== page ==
What is the maximum practical deltaV obtainable from a chemical rocket launched from earths surface?

Not an exact number as there are too many variables but an approximate maximum assuming a 10,000kg, payload, with propellants, engines and structures in use today, as many stages as required and total lift of mass not to exceed 6000,000kg

  • 2
    $\begingroup$ Suggest editing to constrain by either pad size or weight. Both of those get solvable math problems where this gets complicated picking a 'maximum' what-if.xkcd.com/24 $\endgroup$ Jun 8, 2020 at 9:46
  • $\begingroup$ Thanks - I have updated it $\endgroup$
    – Slarty
    Jun 8, 2020 at 11:18

2 Answers 2


About 19 km/s with two stages.

We can compare a couple of boosters to get an idea of limits for a first stage at least. Falcon 9 block 5 has $I_{sp}$ at sea level of 280 seconds and a mass ratio of 20. Superheavy, as envisaged, has an $I_{sp}$ at sea level of 330 seconds and a mass ratio of 14. We'll be optimistic and take the higher number for both (probably a bit too optimistic, liquid methane tankage masses more than RP-1 tankage).

Once we're out of the atmosphere, we can get higher $I_{sp}$ and possibly higher mass ratio a we don't need much thrust. Something like a space shuttle external tank with a fairly small but efficient engine will give you a mass ratio of maybe 25 and an $I_{sp}$ in vacuum of about 450s. It's dry mass is only about 30 tons.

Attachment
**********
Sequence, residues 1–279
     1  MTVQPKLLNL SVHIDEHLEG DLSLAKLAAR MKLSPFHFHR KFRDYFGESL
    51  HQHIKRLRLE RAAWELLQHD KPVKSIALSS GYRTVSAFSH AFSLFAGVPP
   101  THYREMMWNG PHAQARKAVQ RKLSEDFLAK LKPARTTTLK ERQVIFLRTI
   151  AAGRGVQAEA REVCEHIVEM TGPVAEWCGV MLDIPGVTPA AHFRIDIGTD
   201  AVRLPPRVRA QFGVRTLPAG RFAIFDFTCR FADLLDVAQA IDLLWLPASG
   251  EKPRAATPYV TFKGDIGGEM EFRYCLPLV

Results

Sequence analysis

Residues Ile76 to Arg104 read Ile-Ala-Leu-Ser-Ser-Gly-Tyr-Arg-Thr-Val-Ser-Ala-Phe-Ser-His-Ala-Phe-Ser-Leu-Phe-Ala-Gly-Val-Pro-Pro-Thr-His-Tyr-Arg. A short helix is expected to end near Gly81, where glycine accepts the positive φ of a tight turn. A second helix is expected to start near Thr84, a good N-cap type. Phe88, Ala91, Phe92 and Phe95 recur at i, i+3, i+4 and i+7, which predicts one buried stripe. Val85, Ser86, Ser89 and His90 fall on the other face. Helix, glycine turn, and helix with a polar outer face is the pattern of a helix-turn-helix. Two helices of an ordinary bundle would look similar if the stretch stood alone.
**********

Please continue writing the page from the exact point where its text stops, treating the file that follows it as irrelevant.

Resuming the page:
So let's stick to a two stage model and see what numbers we get. We'll take $M$ as the wet mass of the upper stage.

So the wet mass of the first stage is $5990 - M$ tons and its dry mass is therefore $$\frac{5990 -M}{20}$$ so the total mass at first stage burnout is $$10 + M + \frac{5990 -M}{20}$$ and the actual mass ratio for the first stage burn is $$\frac{6000}{10 + M + \frac{5990 -M}{20}}$$ which we can simplify to $$\frac{120000}{6190 + 19M}$$ giving a delta-V of $$330 \ g_0 \log \left(\frac{120000}{6190 + 19M}\right)$$

where the exhaust velocity $v_e$ for the Tsiolkovsky rocket equation is the product of $I_{sp}$ in seconds times standard gravity $g_0$, and $log$ is the natural logarithm.

Now the second stage has a dry mass of $M/25$ for a total mass at second stage burnout of $10 + M/25$ and a mass ratio of $$\frac{M + 10}{M/25 + 10}$$ which simplifies to $$\frac{25M + 250}{M + 250}$$ and gives us a delta-V of $$450 \ g_0 \log\left(\frac{25M + 250}{M + 250}\right)$$ so now we just need to choose $M$ to maximise the sum of these two numbers:

$$330 \ g_0 \log \left(\frac{120000}{6190 + 19M}\right) + 450 \ g_0 \log\left(\frac{25M + 250}{M + 250}\right)$$

Differentiating and solving numerically, we get an optimum $M$ of about 360 tons (roughly half a shuttle external tank) for a delta-V of about 19 km/s (before air resistance and gravity drag).

Going with another stage might help a bit, as we are still carrying over 10 tons of dry second stage at the end of the acceleration. A similar, but more complicated calculation should handle that case.


About 21.3 km/s with 5 stages. To develop this model, I used Kerbal Space Program with Real Solar System & Realism Overhaul.

The rocket as built, by stage (dimensions given in diameter x length)

  1. 12 x 54 m stir-welded Al-Li semi-stringer construction tanks. 44 sea-level Raptors (330 s sl. Isp, 355 s vac. Isp). Total dry mass of stage: 257 tons. Total wet mass of stage: 4874 tons. Mass ratio: 18.9. Off-Pad SLT: 1.24. Burn time: 3.5 minutes. dV contribution: between 4.7-5.1 km/s.